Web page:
A Hundred Years Of Japanese Film
by Donald Richie /
2005 / English / PDF
39.1 MB Download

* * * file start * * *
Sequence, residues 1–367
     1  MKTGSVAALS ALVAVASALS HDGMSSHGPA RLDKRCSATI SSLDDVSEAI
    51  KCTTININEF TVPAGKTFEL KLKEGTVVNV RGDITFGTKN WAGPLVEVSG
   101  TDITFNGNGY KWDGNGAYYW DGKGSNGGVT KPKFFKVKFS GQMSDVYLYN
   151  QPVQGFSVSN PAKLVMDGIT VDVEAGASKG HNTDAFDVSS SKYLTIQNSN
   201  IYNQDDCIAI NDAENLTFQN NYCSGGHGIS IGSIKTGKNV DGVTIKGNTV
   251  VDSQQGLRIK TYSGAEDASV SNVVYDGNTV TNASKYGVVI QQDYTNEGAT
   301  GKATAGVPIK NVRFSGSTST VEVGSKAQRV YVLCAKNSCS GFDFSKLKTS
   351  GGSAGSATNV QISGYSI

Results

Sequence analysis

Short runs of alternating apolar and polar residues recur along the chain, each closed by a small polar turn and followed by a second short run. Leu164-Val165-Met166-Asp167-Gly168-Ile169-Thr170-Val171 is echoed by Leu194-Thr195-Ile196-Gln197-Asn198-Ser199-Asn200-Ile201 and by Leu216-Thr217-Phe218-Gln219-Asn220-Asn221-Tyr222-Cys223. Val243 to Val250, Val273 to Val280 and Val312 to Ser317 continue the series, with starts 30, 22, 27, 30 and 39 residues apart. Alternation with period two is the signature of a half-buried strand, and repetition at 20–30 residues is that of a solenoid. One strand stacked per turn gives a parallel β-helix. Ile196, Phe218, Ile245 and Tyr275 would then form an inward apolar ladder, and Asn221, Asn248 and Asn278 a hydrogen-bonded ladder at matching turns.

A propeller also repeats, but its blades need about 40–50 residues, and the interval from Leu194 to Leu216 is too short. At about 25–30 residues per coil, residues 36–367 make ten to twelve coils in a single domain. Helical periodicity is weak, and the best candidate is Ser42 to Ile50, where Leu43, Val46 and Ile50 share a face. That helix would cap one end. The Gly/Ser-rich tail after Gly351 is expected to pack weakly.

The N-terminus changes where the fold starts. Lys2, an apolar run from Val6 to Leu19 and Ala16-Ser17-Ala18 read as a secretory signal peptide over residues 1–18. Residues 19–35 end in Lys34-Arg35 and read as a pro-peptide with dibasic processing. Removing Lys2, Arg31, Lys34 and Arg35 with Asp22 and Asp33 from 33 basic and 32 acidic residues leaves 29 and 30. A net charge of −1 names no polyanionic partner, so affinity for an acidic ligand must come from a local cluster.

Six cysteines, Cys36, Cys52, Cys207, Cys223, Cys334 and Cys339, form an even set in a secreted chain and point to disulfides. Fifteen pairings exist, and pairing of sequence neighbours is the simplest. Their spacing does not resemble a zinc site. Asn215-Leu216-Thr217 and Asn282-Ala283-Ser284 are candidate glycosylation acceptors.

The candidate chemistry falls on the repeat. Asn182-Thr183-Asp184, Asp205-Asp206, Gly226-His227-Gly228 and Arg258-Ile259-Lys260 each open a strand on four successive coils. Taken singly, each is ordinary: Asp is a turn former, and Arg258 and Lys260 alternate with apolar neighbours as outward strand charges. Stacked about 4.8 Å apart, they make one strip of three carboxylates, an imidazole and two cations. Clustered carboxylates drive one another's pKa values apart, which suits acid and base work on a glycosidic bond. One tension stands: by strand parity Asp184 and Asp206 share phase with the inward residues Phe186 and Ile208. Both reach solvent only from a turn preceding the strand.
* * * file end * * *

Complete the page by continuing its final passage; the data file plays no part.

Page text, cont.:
A Concise History, with a Selective Guide to DVDs and Videos. Revised and Updated. A Hundred Years of Japanese Film by Donald Richie, the foremost Western expert on Japanese film, gives us an incisive, detailed, and fully illustrated history of the country's cinema. Called "the dean of Japan's arts critics" by Time magazine, Richie takes us from the inception of Japanese cinema at the end of the nineteenth century, through the achievements of Kurosawa, Mizoguchi, and Ozu, then on to the notable works of contemporary filmmakers. This revised edition includes analyses of the latest trends in Japanese cinema, such as the revival of the horror genre, and introduces today's up-and-coming directors and their works. As Paul Schrader writes in his perceptive foreword, Richie's accounting of the Japanese film "retains his sensitivity to the actual circumstances of film production (something filmmakers know very well but historians often overlook) . . . and shows the interweave of filmmaking - the contributions of directors, writers, cinematographers, actors, musicians, art directors, as well as financiers."